1 // David Bickett

Curiosity as practice in top management team executive decision making

University of Technology Sydney (UTS)

UTS Profile | LinkedIn | Twitter

I’ve known David for a few years now, as our PhD candidatures at UTS – the University of Technology, Sydney – overlapped. Myself, David, and our mutual friend Lewis Whales – who you will hopefully hear from in another episode – would get together over coffee for weekly accountability meetings to keep each other honest. This continued even after the COVID-19 pandemic hit Australian shores in March 2020… we just simply moved our meetings onto Zoom! Now that we’re back on campus, David and I continue to be good friends and colleagues.

The thing that made David unique among PhD researchers at the UTS Business School is the extensive professional experience that he brings to his candidature. Before embarking on his PhD journey, David held various roles in corporate leadership, developing and executing key strategic initiatives in both for- and non- profit organisations. In 25 years of this work, David’s career took him around the world to: the UK, Japan,  Singapore and, of course, Australia.

As David recounts at the start of our conversation, it was this industry work that led him to researching curiosity and the role it plays in the strategic decision making of top management team executives. While curiosity is often viewed through a psychological lens, David considered curiosity as a social practice in his PhD research. This was a “turn” in his candidature that he discusses in this episode.

Ultimately, David’s research aimed to understand how curiosity as a social practice assists top management team executives in making strategic decisions, and in managing organizational ambidexterity. When we sat down to record this episode, David was finishing the minor revisions to his thesis that his examiners had requested. By the time you hear this episode, his PhD will have been conferred. So let me be the among the first to say: Congratulations, Dr Bickett!

This episode of The Knowledge Mill was recorded in my office at UTS on November 23, 2022.

Show Notes

University of Technology Sydney (UTS)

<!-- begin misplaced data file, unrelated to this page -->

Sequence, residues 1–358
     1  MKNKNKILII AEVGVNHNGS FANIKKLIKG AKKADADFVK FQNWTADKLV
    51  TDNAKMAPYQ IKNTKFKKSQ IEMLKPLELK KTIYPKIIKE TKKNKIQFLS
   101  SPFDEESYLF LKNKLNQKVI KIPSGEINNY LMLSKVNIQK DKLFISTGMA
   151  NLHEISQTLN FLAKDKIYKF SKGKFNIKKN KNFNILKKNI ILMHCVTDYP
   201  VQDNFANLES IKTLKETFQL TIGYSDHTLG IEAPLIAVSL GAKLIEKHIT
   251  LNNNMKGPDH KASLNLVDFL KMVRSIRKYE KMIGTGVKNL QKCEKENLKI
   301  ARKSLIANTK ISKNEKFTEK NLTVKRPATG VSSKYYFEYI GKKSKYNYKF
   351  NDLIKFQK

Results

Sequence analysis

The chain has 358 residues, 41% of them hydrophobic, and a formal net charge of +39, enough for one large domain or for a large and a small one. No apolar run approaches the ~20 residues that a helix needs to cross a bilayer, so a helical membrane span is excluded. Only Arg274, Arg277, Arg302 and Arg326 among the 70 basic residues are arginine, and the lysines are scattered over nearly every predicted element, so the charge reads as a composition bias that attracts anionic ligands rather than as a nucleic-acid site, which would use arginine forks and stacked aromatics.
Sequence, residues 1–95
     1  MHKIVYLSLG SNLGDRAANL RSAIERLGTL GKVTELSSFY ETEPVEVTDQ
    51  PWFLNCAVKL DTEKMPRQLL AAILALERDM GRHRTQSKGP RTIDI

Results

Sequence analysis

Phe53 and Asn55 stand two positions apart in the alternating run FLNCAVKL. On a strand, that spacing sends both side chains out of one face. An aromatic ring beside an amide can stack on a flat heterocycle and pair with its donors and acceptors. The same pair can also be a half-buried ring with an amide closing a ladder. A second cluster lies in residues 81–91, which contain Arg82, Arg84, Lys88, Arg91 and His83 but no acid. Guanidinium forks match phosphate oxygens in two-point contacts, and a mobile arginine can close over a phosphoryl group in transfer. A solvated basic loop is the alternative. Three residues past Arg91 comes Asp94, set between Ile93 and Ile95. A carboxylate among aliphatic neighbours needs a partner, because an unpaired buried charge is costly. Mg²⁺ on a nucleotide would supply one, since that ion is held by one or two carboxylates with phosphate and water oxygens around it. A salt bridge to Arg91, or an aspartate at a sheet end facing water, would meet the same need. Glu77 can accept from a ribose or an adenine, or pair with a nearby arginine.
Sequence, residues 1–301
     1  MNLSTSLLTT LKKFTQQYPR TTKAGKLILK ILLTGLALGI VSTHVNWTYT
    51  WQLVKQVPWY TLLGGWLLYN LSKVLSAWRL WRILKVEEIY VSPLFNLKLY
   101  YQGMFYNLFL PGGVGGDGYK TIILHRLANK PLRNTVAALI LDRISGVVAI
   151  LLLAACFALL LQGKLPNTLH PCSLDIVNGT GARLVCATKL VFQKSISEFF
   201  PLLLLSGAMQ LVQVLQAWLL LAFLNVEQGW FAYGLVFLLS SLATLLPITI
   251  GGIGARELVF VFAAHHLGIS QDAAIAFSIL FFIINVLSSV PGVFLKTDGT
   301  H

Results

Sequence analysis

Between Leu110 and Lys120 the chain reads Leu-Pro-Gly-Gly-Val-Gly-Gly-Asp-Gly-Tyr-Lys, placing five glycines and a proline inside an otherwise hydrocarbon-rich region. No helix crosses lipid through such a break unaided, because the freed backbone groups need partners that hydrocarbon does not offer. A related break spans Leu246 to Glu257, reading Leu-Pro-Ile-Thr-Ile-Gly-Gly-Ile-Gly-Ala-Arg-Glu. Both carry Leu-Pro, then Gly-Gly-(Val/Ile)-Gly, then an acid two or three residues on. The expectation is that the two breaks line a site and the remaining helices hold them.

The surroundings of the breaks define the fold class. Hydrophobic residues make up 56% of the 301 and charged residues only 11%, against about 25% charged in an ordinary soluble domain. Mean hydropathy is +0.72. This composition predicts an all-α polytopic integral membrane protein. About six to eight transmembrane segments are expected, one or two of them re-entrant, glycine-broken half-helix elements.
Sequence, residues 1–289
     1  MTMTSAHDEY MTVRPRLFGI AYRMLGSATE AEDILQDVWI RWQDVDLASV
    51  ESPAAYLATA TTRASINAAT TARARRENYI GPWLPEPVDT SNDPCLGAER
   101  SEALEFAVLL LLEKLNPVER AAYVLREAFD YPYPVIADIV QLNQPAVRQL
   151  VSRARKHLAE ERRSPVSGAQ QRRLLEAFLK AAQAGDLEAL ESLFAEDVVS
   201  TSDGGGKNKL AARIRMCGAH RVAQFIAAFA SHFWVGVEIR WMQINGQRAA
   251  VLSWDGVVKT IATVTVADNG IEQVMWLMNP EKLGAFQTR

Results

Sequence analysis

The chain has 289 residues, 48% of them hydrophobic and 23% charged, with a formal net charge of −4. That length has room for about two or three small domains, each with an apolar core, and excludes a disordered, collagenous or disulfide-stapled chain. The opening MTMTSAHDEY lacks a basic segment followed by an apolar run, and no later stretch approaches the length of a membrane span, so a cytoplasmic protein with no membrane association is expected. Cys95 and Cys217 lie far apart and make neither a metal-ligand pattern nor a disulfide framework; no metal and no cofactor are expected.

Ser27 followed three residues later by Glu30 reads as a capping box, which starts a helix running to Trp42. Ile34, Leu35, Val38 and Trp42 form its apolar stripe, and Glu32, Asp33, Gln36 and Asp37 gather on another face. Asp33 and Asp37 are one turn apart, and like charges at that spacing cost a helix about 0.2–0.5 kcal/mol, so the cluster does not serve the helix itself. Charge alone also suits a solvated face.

UTS Business School

Who Gets to be Smart by Bri Lee

University of Wollongong

Professor Grace McCarthy

Associate Professor Jochen Schweitzer

Professor Stewart Clegg

Associate Professor Marco Berti

Dr Paul Brown

The Business Case for Curiosity” by Francesca Gino

Professor Theodore “Ted” Schatzki

Professor Elizabeth Shove

Professor Davide Nicolini

Professor George Loewenstein

Professor Daniel Berlyne

Lewis Whales

European Group for Organizational Studies (EGOS)

Academy of Management (AOM)

Comments

Leave a Reply

Your email address will not be published. Required fields are marked *

Howdy

The Knowledge Mill is a podcast about PhD researchers and their work. Each episode features a longform conversation with a PhD candidate, with a focus on how they found themselves doing a PhD and the research they’re undertaking.

Season 4

2023 SMAANZ Conference

9 // Olivia Bramley

Environmental Sustainability in Sport Organisations: Exploring the Tide of Action

Season 3

UTS Faculty of Arts and Social Sciences

8 // Claudia Speidel

The impact of cultural settings on sustainability narratives: Lessons learnt from Australia’s Indian diaspora

7 // Kristyn Maslog-Levis

The Missing Books in Children’s Literature in Australia: An Australian-Filipino Author’s Journey to Representation

6 // Atul Joshi

Beyond trauma: Queering biography and finding joy

Season 2

2022 SMAANZ Conference

5 // Ashleigh Marshall

Maximising opportunities for elite women athletes who need to suddenly transition to a new career

4 // Linden Moore

Ambassadorship in women and girls’ sport

3 // Paul Bowell

Women Australian Rules footballers’ subjective experiences of digital self-tracking

Season 1

Friends of the Program

2 // Leanne Sobel

The roles of design in strategy: Towards a practice perspective of strategic design

1 // David Bickett

Curiosity as practice in top management team executive decision making

Proudly powered by WordPress